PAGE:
Do you ever hear a figure of speech and think, “On what planet does that make sense?”
I do. All the time.
One of them is “steal my thunder.”
Originally uttered four centuries ago by the English playwright John Dennis, he was pissed off that his new method of simulating the sound of thunder in a theater was stolen.
As an unsuccessful critic and creator of his own plays, the story goes he found out a production of Macbeth was using his method and he shouted:
Damn them! They will not let my play run, but they steal my thunder!
Now-a-days, “steal my thunder” is commonly meant to suggest a number of things like:
- To upstage someone's special event by having a special event of your own.
- To take attention from someone else's accomplishments for your own advantage.
- To lessen the impact or authority of someone's announcement.
This figure of speech is symptomatic of people constantly trying to one-up each other or being terrified that their actions might one-up someone.
The drive to steal someone's thunder or avoid stealing it is the opposite of the simplicity we seek.
Because of this, I've developed a foolproof system to guard against anyone stealing my thunder. And I've come up with a simple way for you to create an unlimited supply of your own thunder, impervious to anyone's attempts to capture it.
Why You Can't Steal My Thunder
First, I want to declare that thunder is really shorthand for words like happiness or achievement.
Most people believe these things are in short supply and the potential sources of them are limited.
That's not true!
The transfer of thunder from one person to another only exists in our heads. And the transfer only occurs if we mistakenly convince ourselves that thunder is restricted in some way. The basis for these statements comes from a friend and tremendous writer.
In Raam Dev's free email series, he explains how we all can adopt an abundance mindset and combat the thunder-stealing mentality.
The reason it's so important to develop an abundance mindset is because before we can be satisfied with less of anything, we need to understand the reason we don't need to hoard it in the first place. The way you value things is based entirely on your perspective of what you already have, be it money, relationships, objects, experiences, knowledge or anything else. This is entirely a mental process and it applies universally to everyone. If you're a billionaire, it's unlikely that a hundred dollars has the same value to you as it does to someone with an empty bank and thirty thousand dollars in debt.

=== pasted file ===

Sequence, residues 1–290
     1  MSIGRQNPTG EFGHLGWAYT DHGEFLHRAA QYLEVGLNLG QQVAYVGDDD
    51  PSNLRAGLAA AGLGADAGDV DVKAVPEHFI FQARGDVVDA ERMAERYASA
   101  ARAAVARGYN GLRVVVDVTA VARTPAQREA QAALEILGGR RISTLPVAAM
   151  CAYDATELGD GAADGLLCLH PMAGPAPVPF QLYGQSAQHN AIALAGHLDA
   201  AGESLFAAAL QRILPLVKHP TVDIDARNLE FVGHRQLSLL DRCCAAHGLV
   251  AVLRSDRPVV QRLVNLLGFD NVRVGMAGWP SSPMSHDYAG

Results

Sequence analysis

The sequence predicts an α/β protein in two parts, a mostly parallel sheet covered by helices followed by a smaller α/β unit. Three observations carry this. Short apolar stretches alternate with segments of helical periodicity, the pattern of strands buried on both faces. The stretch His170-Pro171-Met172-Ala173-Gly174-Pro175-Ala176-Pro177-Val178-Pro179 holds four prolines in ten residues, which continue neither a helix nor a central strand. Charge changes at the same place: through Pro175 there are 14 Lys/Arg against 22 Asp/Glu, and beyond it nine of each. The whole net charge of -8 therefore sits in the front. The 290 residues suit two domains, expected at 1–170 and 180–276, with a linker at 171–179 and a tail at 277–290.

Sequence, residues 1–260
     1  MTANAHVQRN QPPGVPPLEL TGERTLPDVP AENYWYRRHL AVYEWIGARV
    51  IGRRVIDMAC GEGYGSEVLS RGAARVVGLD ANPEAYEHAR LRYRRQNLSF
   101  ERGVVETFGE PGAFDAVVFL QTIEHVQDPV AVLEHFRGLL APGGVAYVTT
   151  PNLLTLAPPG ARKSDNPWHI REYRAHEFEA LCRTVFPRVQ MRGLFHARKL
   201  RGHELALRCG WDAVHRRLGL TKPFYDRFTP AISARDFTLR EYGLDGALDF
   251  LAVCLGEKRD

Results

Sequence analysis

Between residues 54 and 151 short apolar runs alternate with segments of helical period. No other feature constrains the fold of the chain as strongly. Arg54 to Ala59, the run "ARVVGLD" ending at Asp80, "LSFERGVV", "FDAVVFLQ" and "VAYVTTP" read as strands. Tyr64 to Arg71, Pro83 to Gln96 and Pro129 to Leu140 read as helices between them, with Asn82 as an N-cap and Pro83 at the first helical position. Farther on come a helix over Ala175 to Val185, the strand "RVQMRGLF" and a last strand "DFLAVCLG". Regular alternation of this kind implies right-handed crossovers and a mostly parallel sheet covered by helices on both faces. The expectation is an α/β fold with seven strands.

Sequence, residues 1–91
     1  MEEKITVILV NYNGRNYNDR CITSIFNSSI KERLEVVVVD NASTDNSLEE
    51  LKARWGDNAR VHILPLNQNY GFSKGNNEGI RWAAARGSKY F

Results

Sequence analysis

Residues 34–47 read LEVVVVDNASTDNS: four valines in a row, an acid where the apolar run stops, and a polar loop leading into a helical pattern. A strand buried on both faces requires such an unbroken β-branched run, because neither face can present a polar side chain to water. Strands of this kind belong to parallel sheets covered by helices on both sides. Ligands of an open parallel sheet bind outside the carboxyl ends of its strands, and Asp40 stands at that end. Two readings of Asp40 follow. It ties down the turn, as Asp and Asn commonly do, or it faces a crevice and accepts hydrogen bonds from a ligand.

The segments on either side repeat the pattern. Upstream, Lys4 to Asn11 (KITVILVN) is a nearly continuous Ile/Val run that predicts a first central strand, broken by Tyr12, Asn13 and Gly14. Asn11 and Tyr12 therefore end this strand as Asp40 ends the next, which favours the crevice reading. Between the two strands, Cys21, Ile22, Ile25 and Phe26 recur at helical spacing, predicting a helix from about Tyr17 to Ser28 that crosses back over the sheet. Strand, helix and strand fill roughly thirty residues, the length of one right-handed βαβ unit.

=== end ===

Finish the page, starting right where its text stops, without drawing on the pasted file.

Think about this for a moment: If the value of everything can be changed solely by changing your perspective, wouldn't it make the most sense to focus on developing a perspective that maximizes the value of everything? The abundance mindset does exactly that. You maximize the value of everything around you by recognizing that nothing is scarce; nothing is lacking, limited, or in short supply. Attempting to hoard or take possession of anything creates a sense of scarcity — it devalues everything around you.
Although I've used the words of someone wiser and more eloquent to prove my point, I don't think Raam would mind. He's the kind of guy who freely shares any thunder he has if it means people are helped in the process.
I've adopted this abundance mindset and it's the primary reason why you can't steal my thunder. You can't swipe what I freely give away.
How to Create Your Own Unlimited Supply
There are other ways than an abundance mindset to create an unlimited supply of your own thunder. Eliminating competition with your co-workers is one. Stopping the comparison with everyone else between what you have and want is another.
But here's a great way not to do it.
I have a friend who announced his engagement shortly after his sister announced hers. She was hurt by the timing on his announcement and thought it would detract from her planning, happiness, and enjoyment of the wedding itself.
As a result, she got mad, caused a big rift in their relationship, and took years to heal from this “injustice” she suffered at the hands of her own brother.
Pardon my rare judgment of someone else, but this is not the path to a simple life. When you're always protecting your thunder and worrying about everyone else's thunder, you create complicated emotions that shouldn't exist.
We can simplify by acknowledging only each of us can determine the amount of thunder to be harnessed. And if someone wants to use it at the same time, wonderful! Competing for thunder is like competing for happiness. Only you get to determine if there is a cap and how much of it you have.
I want you to plan your wedding regardless of who else is planning theirs at when. Launch your business product or service without worrying if your friend is launching theirs too.
Have a birthday party for your kid without fearing the timing is too close to the party of the kid down the block. Tell people you're pregnant without worrying about what special event they may have coming up as well.
If you're looking for permission to do all these things and more, you have it. You can grant it for yourself.
Harness your own unlimited supply of thunder with a simple mindset shift. It's there for the taking … and the sharing.
If you want permission to have more thunder, simplicity, and community – plus some free tools to get those things – subscribe to my newsletter and join 1,000s of people on a journey like yours.
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